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Artful and Blistering – The Red Step’s Bold Self-Titled Debut

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Hold the presses and what the holy hell?! Although somewhat admissible in the warm and fuzzy abstract, the standard trope that a writer’s clutter-choked desk – in the case four or five six-inch stacks of CDs (slightly disheveled), mostly burned downloads for ease of listening purposes, a bookended row of, well, books plus an external hard drive and a spare burner, paper ephemera and handwritten to-do lists, face masks and a pair of gloves (goodbye, stubborn winter) and so much more, the whole of it crowding the laptop as if in a push to finally overtake it once and for all – somehow connotes the charm of the avocation is in reality mythical claptrap. All it points to, really, is the disastrous and all-too-common intersection where the tsunami of incessantly incoming material (being a radio DJ as well doesn’t help) meets the desperate need for an intern or at least the organizational skills thereof. The ever predictable and so often lamented result is on, say, a random Sunday, randomly disinterring an album you were keen on reviewing back it was slated for release in the States two months ago (fate, though, was good to me this time as Pravda Records has pushed that date ahead to April 9th but that’s beside the point). Hence do we arrive to the much belated response to the primarily Serbian band The Red Step’s bold and boisterous, eponymous debut.

Based out of Belgrade and consisting of that city’s long-running, near legendary garage band Kazna za uši – Boris Eftoski/Rudolf Cibulski/Vladimir Markoski; keys/bass/drums – joined at the neck by Black Heart Procession’s Tobias Nathaniel singing and guitaring and Londoner Sarah Jane Seatherton on cello, The Red Step is evidence that there could hardly have been a more fateful or more finely realized grafting of two musical forces (it should be noted, with little surprise, that both Boris and Vladimir are current members of BHP). Wrought with an almost abandoned precision along the line that demarcates the artful from the blistering, this record feels as often as not like a post-punk provocateur that’s crashed a millennial indie rocknroll party only for all involved to become thick as thieves. Full of powerful surges crafted with a knowing restraint, this decidedly is not an album that should be allowed to slip into the slightest obscurity.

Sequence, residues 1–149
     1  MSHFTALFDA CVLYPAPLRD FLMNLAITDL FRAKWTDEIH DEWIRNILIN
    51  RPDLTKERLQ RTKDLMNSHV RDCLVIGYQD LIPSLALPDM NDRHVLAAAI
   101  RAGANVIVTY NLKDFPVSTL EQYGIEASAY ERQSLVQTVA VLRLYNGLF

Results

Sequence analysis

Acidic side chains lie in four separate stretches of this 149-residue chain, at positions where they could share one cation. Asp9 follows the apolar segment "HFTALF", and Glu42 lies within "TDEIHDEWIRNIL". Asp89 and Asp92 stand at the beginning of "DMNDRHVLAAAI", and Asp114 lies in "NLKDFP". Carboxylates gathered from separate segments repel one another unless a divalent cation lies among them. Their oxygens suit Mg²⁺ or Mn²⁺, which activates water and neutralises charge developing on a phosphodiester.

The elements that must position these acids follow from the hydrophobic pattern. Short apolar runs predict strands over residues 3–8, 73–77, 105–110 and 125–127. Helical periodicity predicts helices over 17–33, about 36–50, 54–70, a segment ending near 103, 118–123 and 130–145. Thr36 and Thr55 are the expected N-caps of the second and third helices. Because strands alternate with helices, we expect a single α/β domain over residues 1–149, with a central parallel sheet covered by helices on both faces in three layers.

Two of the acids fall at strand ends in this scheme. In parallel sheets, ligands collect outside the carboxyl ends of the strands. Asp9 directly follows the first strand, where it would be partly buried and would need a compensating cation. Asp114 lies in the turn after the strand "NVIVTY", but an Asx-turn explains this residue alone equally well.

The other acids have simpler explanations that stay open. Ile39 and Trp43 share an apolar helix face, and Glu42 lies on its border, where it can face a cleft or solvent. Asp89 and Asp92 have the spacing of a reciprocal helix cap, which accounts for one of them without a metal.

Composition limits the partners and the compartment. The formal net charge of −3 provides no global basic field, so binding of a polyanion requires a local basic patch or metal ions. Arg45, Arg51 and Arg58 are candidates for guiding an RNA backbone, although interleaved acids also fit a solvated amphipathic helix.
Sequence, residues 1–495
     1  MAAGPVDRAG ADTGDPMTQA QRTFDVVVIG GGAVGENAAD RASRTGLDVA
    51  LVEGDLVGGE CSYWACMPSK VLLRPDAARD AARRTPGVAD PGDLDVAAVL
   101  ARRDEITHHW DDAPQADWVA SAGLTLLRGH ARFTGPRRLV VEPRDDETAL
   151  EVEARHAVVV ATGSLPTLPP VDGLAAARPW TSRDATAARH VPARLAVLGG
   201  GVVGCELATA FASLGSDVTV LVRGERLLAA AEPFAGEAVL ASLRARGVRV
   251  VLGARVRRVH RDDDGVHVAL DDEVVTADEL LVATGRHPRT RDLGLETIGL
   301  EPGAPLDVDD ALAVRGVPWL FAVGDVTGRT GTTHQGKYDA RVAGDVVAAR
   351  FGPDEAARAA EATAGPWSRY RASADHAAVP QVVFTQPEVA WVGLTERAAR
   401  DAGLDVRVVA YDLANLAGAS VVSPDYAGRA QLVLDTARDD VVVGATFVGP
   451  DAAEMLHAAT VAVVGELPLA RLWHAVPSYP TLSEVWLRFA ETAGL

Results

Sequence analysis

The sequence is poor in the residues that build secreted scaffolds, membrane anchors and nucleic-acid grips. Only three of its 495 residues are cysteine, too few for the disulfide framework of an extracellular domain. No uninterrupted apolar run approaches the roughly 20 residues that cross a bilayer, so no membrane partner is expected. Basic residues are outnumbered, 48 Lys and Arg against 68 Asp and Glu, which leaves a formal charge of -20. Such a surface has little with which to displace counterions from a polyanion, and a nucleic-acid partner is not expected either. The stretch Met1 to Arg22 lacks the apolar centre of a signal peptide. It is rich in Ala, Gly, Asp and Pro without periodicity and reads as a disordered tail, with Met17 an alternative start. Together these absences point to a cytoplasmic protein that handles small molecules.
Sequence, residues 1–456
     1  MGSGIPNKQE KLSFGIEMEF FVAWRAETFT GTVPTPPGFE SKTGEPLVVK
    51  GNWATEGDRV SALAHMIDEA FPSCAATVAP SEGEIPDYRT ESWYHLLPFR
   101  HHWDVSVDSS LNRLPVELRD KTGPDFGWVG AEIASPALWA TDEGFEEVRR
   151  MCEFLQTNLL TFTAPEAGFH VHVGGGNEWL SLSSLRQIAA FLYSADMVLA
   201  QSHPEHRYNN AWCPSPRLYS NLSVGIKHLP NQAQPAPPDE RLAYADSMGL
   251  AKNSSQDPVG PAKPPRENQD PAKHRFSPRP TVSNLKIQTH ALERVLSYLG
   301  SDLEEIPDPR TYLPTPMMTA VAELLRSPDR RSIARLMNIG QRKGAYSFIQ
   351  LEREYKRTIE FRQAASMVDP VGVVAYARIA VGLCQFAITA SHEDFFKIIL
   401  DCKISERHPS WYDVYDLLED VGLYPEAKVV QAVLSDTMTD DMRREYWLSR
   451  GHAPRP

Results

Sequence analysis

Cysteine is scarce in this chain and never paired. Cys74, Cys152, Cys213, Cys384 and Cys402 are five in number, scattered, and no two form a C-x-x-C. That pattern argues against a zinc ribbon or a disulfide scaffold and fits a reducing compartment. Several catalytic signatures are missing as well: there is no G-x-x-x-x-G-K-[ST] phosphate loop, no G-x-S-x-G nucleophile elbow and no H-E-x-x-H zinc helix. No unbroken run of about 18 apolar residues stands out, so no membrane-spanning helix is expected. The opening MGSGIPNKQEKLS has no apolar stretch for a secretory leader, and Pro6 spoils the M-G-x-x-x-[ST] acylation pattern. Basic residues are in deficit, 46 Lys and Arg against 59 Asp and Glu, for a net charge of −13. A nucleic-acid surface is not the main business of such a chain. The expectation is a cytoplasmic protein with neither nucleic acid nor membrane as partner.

Aside from the taut, still-killer track “Reset” that we premiered back in November, we direct your attention to the hypnotic, dirge-like opener “For the Dead” that packs heat inside a Gun Clubby vibe (present as well on “Ghosts of Our Beginning,” a stunner), the tightly wound coil that is “Black Summer,” “The Harvest”‘s sorrowful, impassioned ballad feel that could comfortably find brotherhood inside David Eugene Edwards’ repertoire, the adrenaline-soaked thrill of “We Live on High,” the organ/cello tandem bringing atmospheric ballast to the song’s runaway tempo, the – oh to hell with it, we direct your attention to the album entire. There’s no weak track here but instead just varying levels of ‘Whoa, that’s nice!’. All there’s left to be said (aside from Tobias’s lyrics, carved from the same thematic quarry as Black Heart Procession if with extra twists of desperation) is how rich and full the sound is. Produced by Nathaniel and Uros Milkic, engineered by the latter, The Red Step is presented with exactly the palette required, its contour throughout an immaculately sprawling one, the overall effect such that, as the appropriately valedictory “Through the Seasons” closes things out with sepulchral grace, the temptation to immediately play it again is almost too great to resist. We suggest you go for it, and do so as often as you like. Album of this quality isn’t going to wear out its welcome anytime soon.